Beyond happy hour: how to make the most of aperitifs
Aperitivo is an age old tradition, but in 2017 venues are pushing the boundaries and adapting the European custom to suit the Australian milieu.
Done right, aperitivo should achieve two things — stimulate the appetite and relax the mind. The drinks are usually dry, with vermouth, Aperol and Campari often associated with aaperitif, while the food is snack-sized, and tends to lean toward salty, fatty flavour profiles.
“It’s basically catching up over a refreshing beverage and a snack to finish your day, start your night or both,” James Hird and Monty Koludrovic tell Hospitality.
Hird and Koludrovic recently introduced an aperitivo hour at Surry’s Hills venue The Dolphin, which has seen a hit list of guest chefs, sommeliers and wine-makers from the around the country take up one-night residencies.
“We love the irreverence of such a simple concept existing in a venue based around such high-quality product and service. It’s a great chance to engage without friends, fellow chefs, wine makers and customers,” say Hird and Koludrovic.
While they acknowledge that happy hour has been on trend for a long time, both Hird and Koludrovic feel that the vibe is beginning to change.
“As our venues transition over time, from classic Aussie pubs, to welcoming open and friendly F&B outlets, the incorporation of super approachable offers suit the occasion.”
The transition from stereotypical happy hour to a more laid-back, food-oriented aperitivo hour that honours the tradition’s social roots is welcomed by Joe Vargetto, owner of Massi in Melbourne’s CBD.
“When I look at a menu and see bourbon and coke, that’s not aperitivo,” he says. “I have seen a lot places using it as the equivalent of happy hour with half price drinks encouraging people to drink until they’re crawling on the floor. That’s not what it is. They’re just using it as an alternative name.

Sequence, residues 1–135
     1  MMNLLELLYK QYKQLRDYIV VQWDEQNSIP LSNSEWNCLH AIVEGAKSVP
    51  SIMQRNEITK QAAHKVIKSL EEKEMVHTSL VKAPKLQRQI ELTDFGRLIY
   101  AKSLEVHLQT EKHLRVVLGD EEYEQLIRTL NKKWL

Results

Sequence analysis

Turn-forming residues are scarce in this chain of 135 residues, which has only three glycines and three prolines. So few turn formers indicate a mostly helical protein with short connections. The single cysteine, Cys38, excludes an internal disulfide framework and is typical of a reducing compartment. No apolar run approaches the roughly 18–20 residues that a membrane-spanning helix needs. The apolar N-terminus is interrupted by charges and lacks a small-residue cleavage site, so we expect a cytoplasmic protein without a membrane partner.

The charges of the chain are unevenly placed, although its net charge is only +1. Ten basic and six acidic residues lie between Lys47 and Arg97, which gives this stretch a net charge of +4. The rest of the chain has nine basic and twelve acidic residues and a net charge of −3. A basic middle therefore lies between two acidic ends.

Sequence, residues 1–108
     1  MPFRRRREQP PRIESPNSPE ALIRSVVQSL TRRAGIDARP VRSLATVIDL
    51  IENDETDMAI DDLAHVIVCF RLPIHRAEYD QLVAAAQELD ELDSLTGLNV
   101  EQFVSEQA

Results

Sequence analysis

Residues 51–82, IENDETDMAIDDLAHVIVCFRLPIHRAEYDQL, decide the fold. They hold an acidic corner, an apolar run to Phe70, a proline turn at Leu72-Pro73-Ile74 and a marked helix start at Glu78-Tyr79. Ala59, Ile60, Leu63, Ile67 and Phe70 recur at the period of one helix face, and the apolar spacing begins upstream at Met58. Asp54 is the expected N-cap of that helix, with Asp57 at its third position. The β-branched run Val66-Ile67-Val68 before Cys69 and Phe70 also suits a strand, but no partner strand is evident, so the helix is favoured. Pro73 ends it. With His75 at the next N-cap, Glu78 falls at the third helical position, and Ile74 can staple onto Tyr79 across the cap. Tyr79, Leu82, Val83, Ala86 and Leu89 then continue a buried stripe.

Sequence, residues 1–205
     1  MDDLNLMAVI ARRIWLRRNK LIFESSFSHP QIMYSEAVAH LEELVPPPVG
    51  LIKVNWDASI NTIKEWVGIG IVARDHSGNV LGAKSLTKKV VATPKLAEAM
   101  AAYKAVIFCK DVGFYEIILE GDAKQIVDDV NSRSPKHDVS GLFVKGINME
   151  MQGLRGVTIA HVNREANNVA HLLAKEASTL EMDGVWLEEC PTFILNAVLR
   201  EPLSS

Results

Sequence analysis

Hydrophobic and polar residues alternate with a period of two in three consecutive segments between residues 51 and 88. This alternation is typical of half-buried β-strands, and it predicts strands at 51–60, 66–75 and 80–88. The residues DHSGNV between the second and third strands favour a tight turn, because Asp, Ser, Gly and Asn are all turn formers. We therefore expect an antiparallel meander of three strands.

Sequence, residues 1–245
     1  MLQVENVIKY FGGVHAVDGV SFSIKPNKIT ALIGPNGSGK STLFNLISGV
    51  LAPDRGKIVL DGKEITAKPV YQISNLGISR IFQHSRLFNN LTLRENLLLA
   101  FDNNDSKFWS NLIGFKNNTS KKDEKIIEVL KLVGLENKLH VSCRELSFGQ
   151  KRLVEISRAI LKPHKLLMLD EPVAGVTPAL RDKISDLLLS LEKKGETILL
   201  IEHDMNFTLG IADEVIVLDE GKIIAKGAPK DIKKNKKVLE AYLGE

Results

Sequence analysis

“[In Europe] you meet at your favourite bar, have something very simple [to eat] and have a chat about life. You don’t get drunk. The food fills you up only to point, so you can still fit a substantial meal and the drinks are usually bitter, aren’t high in alcohol and are normally made with spices. What the Italian’s have noticed is that those spices open up your appetite.”
Although aperitif has a different vibe to happy hour, it can also be used to get diners through the doors and increase spend per head.
“It’s more contained to bars in Italy, rather than restaurants. At Massi, people will come in for aperitivo, sit at the bar and then continue to sit there until they have their meal, maybe an hour later,” says Vargetto.
“So they get one drink, like our prosecco spritz, and we send out a selection of three to four small snacks like arancini, crostini, small bruschetta, or mortadella, for a set price of $20.”
At The Dolphin salty, crunchy, big flavour bites that go well with high acid, bubbly chilled drinks are on offer between five and seven on Sunday through Thursday evenings for $5 or $7 each. A broad demographic, from lone rangers to groups of 20, have been drawn in by the aperitivo hour, say Hird and Koludrovic.
“It’s a real leveller, nothing too scary, nothing too intense, nothing too expensive.”
This article originally appeared in Hospitality’s June issue. Click here to subscribe.